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Radiology (Xrays)

Radiographs (Xrays) are routinely used to provide valuable information about a pet’s bones, gastrointestinal tract (stomach, intestines, colon), respiratory tract (lungs), heart, and genitourinary system (bladder, prostate).

We can also perform specialized radiographic procedures called contrast studies when required. For the procedures, a special dye which shows up as white on an Xray film is used to better outline structures which do not show up well on routine radiographs.

A barium series is a type of contrast study used to outline the gastrointestinal tract. A liquid dye called barium is given to your pet, either orally or through a nasogastric tube. Xrays are then taken immediately, and at specifically timed intervals thereafter for up to several hours. We can watch as the barium travels through the stomach and intestines, and can help us rule-out problems of motility (where the stomach and intestines are not contracting properly) or obstruction (where your doggy or kitty swallows something nasty and it’s stuck inside).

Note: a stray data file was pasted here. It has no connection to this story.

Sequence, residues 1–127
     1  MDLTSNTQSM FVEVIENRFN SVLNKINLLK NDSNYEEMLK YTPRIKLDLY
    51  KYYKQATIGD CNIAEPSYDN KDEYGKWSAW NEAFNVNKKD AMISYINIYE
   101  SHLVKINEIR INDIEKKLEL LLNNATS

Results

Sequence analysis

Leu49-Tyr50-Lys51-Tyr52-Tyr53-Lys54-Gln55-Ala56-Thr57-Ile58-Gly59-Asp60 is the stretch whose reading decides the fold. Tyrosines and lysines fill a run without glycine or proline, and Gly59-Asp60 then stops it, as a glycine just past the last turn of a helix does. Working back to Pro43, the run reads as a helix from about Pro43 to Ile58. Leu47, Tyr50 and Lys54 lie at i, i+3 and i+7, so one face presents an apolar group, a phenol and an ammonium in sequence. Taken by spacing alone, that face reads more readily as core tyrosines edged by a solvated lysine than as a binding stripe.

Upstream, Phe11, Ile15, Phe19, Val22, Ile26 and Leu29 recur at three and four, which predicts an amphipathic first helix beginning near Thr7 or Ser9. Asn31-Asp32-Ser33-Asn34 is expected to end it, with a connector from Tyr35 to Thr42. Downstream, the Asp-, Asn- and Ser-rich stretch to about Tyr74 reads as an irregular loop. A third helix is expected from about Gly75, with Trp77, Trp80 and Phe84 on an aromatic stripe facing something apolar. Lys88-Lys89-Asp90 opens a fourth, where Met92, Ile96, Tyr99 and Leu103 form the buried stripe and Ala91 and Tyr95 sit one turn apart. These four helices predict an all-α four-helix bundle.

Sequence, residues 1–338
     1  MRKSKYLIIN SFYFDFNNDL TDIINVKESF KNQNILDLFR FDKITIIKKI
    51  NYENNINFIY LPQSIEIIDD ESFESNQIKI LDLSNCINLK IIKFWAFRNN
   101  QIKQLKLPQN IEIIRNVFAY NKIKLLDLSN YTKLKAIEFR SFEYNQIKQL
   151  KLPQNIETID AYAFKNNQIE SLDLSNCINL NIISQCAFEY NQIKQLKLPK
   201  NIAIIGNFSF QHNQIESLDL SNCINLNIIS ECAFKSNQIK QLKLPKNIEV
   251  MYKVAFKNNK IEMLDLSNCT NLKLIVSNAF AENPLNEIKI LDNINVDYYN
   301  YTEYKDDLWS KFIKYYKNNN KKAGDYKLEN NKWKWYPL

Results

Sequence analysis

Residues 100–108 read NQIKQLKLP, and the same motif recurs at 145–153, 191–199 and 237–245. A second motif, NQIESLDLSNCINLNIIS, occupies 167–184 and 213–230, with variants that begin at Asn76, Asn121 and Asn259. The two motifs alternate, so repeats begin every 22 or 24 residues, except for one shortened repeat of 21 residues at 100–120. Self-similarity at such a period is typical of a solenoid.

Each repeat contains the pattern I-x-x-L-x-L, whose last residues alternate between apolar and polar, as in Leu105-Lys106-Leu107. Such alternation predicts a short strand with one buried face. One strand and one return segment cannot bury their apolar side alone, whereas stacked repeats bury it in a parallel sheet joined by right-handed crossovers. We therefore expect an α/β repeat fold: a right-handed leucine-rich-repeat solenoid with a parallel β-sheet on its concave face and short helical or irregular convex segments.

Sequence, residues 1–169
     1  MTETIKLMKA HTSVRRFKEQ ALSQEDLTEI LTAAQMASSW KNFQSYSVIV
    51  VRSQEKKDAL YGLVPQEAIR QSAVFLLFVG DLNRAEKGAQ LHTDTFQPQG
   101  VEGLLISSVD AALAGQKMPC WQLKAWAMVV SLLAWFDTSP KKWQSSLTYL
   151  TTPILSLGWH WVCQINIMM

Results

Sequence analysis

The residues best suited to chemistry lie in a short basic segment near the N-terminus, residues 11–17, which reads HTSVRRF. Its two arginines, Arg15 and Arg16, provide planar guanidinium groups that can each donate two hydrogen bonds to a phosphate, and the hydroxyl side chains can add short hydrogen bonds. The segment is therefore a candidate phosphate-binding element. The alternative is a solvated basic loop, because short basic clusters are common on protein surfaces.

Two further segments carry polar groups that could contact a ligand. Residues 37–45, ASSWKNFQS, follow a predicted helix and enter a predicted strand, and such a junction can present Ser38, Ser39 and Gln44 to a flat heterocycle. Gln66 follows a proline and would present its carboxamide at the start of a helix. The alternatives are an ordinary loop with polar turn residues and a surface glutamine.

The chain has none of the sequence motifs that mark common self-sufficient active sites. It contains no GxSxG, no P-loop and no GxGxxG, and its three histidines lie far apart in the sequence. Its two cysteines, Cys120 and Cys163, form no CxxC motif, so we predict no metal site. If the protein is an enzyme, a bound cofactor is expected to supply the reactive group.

A cystogram is another commonly performed contrast study where air, dye, or both are injected into the bladder through a urinary catheter. This procedure helps us diagnose problems such as bladder stones or tumours which may not show up on a routine radiograph.